If you squint with your mind’s eye, and are a few gins deep, you can almost see what Simon was thinking here. Just as the attack by a Muslim man on the Lindt Café in Sydney in 2014 (followed by a spate of Islamaphobic commentary online) caused people to band together against anti-Muslim feeling – spawning the viral #illridewithyou hashtag – Simon seems to think that Trump’s ban on Muslims might (or possibly already has) produced a similarly overwhelming counter-reaction against Islamaphobia in the U.S.
The difference, which should hardly need to be stated, is that the Islamaphobia which followed the Sydney café attack was the work of a few hundred – at most a few thousand – people in a country of millions. Trump’s Muslim ban, which he was painfully clear about all the way through his election campaign, effectively has the mandate of half the nation (yes I know it’s fractionally less than half, but the point still stands). This isn’t anonymous vitriol from a few twitter trolls; this has the imprimatur of the Oval Office. Even if only half of the people who actually voted for Trump supported the ban – and possibly there were many who opposed it, but who still thought he was the superior candidate all things considered – that’s still many millions more than participated in the Muslim solidarity marches.
This isn’t to say the liberal counter-movement in America must always or inevitably be fighting a losing fight – who knows, maybe it will gain traction and eventually undo the insidious effects of the ban – but rather to say that such an accomplishment would be immense indeed, and that the onus is on Simon (starry eyed Pollyanna that he is) to convince us that it will happen. Needless to say, he does not even attempt the task here.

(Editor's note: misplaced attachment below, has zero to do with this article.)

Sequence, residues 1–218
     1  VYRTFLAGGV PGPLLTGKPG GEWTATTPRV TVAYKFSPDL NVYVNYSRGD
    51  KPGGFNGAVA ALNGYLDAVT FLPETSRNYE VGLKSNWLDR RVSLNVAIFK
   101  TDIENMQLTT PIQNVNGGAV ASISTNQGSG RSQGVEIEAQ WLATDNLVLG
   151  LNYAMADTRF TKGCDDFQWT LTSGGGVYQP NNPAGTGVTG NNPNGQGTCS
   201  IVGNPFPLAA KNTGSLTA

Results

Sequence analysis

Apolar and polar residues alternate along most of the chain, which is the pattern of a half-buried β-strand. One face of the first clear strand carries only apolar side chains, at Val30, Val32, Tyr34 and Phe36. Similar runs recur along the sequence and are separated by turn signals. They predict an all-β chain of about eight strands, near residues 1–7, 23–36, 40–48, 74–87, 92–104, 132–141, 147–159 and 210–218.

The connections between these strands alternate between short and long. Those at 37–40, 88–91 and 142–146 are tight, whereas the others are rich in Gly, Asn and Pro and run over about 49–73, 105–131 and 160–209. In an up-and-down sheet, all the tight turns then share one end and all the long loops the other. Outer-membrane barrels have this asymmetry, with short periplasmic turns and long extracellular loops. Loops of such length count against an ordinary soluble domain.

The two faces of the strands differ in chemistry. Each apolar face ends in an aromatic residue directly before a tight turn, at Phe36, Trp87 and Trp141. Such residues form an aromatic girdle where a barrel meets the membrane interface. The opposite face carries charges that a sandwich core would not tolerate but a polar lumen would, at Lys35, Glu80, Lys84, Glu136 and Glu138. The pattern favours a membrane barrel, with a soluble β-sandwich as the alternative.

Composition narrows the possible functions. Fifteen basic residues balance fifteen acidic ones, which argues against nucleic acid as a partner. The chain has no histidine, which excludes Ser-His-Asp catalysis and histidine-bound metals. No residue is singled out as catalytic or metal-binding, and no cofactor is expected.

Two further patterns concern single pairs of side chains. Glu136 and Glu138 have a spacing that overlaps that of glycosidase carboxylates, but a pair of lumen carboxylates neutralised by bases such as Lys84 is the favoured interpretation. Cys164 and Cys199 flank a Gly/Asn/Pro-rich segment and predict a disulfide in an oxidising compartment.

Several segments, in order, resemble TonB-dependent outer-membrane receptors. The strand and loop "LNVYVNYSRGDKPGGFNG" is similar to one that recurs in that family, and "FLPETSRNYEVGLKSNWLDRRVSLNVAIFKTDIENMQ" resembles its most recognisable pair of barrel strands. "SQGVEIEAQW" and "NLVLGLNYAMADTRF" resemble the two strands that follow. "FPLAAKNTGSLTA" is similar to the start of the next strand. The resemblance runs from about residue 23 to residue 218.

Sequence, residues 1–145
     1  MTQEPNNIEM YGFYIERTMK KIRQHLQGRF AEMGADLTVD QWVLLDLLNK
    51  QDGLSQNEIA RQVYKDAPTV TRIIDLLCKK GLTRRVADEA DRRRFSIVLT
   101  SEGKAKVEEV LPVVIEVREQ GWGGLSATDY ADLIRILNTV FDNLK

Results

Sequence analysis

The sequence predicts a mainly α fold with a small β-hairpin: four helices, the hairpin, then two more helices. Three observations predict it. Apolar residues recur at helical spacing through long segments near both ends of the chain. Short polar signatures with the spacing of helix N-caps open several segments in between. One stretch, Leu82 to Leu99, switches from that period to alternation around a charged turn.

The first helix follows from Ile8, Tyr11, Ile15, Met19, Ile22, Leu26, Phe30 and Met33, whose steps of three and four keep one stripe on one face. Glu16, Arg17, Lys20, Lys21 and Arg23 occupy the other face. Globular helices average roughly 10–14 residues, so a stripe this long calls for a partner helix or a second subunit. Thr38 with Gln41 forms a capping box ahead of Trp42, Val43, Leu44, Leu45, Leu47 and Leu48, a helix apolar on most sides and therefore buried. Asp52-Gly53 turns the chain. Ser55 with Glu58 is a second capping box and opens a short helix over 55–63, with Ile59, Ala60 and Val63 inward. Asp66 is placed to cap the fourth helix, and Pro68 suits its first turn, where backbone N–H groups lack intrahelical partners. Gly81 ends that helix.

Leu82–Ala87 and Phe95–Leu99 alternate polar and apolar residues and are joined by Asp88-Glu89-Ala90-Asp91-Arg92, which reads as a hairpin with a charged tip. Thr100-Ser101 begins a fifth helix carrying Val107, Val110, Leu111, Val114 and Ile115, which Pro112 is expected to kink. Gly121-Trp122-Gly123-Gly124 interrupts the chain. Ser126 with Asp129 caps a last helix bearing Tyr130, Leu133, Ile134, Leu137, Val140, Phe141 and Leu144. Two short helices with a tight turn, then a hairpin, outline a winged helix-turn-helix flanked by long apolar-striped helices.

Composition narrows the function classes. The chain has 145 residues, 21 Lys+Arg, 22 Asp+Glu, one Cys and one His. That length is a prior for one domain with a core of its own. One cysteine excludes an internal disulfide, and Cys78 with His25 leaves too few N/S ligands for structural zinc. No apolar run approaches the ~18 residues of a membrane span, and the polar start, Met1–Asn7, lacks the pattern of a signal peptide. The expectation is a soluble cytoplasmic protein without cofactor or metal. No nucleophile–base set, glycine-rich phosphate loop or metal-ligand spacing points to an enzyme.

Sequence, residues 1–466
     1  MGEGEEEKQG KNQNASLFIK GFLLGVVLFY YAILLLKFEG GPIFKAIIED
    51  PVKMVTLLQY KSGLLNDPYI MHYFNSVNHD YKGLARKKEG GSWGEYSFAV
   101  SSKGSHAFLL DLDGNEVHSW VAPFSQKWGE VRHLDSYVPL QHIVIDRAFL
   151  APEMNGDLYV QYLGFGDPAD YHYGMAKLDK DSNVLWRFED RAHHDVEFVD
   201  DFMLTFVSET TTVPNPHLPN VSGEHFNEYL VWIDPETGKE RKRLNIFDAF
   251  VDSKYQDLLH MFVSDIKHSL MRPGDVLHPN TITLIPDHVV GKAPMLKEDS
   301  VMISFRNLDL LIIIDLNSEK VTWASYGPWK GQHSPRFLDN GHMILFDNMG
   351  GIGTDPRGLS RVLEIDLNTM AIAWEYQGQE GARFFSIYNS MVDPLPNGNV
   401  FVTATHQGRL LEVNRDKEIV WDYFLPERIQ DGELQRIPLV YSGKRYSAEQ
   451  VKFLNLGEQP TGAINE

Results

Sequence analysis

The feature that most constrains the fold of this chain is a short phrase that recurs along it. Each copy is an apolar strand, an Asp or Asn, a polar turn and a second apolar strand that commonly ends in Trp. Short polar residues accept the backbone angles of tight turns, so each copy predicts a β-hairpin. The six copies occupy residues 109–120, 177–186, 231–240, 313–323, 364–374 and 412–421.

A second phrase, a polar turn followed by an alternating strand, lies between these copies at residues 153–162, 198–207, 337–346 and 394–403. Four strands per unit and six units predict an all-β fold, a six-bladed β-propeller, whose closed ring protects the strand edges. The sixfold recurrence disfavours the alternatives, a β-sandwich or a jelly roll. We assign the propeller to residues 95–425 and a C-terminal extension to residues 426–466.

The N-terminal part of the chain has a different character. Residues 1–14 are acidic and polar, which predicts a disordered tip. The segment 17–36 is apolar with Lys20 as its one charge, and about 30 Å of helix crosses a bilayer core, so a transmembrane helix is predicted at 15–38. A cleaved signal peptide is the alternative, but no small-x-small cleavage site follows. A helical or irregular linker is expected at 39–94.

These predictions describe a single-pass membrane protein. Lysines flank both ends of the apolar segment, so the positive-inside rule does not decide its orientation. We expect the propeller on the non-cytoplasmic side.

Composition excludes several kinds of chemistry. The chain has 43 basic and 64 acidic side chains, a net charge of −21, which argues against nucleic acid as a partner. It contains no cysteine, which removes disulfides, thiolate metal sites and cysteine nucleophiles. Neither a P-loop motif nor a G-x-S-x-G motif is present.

Finally, we arrive at the “fourth and most serious blind-spot” which Simon’s keen intellect has detected in the conventional liberal wisdom: “the suggestion that [the ban] will make Americans less safe”, when what it really risks doing is “making American Muslims less safe”.
Now put aside the fact that the wording here seems to imply that American Muslims are somehow not Americans at all – this is just an artefact of Simon’s writing style, the poor thing; what he meant to say is that the ban’s main danger is the anti-Muslim sentiment it will stir up among members of the American far right (he points, for example, to the recent massacre at a mosque in Quebec).
You were doing so well – you almost made it all the way to the end of the article without making another totally irrelevant point.
Alas, not to be.
The fact that a Muslim ban will ALSO inflame anti-Muslim violence is, of course, no objection at all to the argument that it will help ISIS radicalize more jihadists. The two forms of extremism are not mutually exclusive; if anything they are symbiotic, with each feeding off the other. So perhaps we should deduct even more points from Simon, since he is now not just making arguments that are redundant, but is actually arguing against himself.
This is not even to mention the fact that his fourth point – that a Muslim ban threatens to “embolden the far right” into anti-Muslim acts of violence – dehumanizes the members of the political right in precisely the same way that he objected to with Muslims in his first point (perhaps he thinks reading Breitbart snuffs out the inner agent).
So there we have it: two arguments that are irrelevant, one that is simply wrong, and another which is as hopelessly optimistic as it is entirely unjustified. What does that add up to? Why, a place on the front page of one of the world’s most widely read news publications, of course.
Fuck you Simon.